The editing technique is also vastly different than what viewers were given last time around. Leterrier calls upon the services of a duo of editors, Christine Lucas-Navarro and Vincent Tabaillon, with the results indicating that both were big fans of 2004’s The Bourne Supremacy. Yes, the infamous quick cuts make their introduction into the franchise, and while it is not quite an extreme detriment to Transporter 2, it is hard to argue that that tactic makes the action any better than it otherwise would have been with a more tempered flow to the editing. Unsurprisingly, there are moments when what could have been very impressive stuntwork is chopped to bits in such a way that they sadly become difficult to comprehend and appreciate. This is the risk incurred by filmmakers that fail to make proper use of rapid fire editing. The technique in of itself is not detrimental to films, but one must know how to judiciously apply it, otherwise the impact of scenes make be easily lost.
All criticisms aside, for what it is worth The Transporter 2 does offer a decent amount of thrilling action beats that make the most of its star’s enviable physical prowess. When working with creative stunt coordinators and fellow actors, a Jason Statham scene can become a beautiful ballet of dumfounding martial arts brutality. Better still, the tone of the battles in this sequel are steeped in the same spirit as those of its predecessor, by which they never become spectacularly gruesome or gritty in any way. Instead, there is a joy de vivre about them, making them nearly as funny as they are viscerally impressive. If Frank Martin’s nemesis had been as interesting, so to speak, this around than as in the first film, then Transporter 2 could have been on same level. Unfortunately, Alessandro Valleta as Gianni Chellini and Kate Nauta as Lola are cartoonish, but not charismatic. Lola is visually distinctive, what with her horrendous makeup that makes her look like nothing less than a junkie, and the actress’ performance is hammy in the best way possible, yet her lover Gianni is just a generic action movie baddie looking to make an easy buck by killing hundreds of people.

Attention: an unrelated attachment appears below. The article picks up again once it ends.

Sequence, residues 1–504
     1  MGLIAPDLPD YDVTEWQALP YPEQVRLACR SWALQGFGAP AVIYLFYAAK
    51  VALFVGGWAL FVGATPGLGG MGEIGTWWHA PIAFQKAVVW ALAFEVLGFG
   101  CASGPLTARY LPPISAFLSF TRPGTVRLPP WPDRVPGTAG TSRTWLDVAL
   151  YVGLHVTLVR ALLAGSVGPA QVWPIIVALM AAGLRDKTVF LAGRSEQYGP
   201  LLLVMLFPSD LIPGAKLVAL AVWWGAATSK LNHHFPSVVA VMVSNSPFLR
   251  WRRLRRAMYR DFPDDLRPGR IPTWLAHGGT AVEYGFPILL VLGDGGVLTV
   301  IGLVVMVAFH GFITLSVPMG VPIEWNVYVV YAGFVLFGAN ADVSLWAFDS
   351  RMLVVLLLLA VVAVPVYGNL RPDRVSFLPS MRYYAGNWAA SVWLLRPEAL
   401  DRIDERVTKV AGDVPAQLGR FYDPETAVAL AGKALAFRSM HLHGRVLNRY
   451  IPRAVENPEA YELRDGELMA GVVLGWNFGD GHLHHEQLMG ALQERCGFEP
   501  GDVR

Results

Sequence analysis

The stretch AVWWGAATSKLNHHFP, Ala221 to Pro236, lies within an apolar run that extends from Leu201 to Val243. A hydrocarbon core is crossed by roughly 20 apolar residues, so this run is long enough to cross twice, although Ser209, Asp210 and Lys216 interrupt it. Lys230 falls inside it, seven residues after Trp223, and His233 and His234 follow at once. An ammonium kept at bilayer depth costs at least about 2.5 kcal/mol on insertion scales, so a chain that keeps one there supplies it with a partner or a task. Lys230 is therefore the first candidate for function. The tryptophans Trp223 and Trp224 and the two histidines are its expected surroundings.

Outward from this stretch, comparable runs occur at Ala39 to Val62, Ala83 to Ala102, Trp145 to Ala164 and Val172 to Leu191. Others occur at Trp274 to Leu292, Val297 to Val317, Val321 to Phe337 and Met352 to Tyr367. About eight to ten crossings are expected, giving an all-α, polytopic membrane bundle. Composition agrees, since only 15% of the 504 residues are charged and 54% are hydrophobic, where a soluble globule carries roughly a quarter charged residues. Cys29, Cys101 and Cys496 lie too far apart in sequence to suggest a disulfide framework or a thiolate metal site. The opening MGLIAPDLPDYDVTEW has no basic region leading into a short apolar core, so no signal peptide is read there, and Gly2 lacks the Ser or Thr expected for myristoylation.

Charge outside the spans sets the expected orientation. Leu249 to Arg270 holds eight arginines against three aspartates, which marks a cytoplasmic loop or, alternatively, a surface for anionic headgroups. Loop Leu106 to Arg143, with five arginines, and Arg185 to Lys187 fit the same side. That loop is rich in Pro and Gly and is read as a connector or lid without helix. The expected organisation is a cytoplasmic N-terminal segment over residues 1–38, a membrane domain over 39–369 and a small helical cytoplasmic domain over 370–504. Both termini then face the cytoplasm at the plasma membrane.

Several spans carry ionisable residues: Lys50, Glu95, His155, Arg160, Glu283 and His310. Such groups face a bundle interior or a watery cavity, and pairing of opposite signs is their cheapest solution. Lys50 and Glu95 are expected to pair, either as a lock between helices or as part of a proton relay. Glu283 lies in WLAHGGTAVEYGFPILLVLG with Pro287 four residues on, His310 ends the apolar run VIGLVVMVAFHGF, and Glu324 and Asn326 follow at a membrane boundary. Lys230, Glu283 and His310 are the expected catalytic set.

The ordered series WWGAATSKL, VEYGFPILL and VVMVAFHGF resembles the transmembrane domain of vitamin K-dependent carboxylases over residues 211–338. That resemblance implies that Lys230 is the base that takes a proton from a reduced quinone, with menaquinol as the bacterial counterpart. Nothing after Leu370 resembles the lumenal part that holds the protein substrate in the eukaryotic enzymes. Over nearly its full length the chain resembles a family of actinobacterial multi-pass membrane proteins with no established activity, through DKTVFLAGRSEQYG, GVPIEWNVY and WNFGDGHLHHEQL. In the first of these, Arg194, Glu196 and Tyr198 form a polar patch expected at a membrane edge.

Statham’s stone-faced charisma manages to shine through just enough to remind viewers why he is such an interesting star to watch. Arguably the most intriguing thematic aspect to Transporter 2 is the discussion surrounding the protagonist’s sexual orientation. At the time of the picture’s release, director Leterrier actually mentioned in an interview that Frank Martin is a gay movie hero. Many, basing themselves on the scene in which the hero refuses Audrey’s advances, stating that he cannot be with her because of who he is, support the director’s statement. The debate is a noteworthy one, considering the paltry number of homosexual or bisexual characters in mainstream cinema, least of all characters in starring roles that kick butt like Frank martin does. Whether or not that actually makes Frank more interesting or not is another matter altogether. So long as he remains as awesome at staying a bad ass with a heart of gold and show his opponents how to properly use watermelons as boxing gloves, then all will be well in the Transporter universe.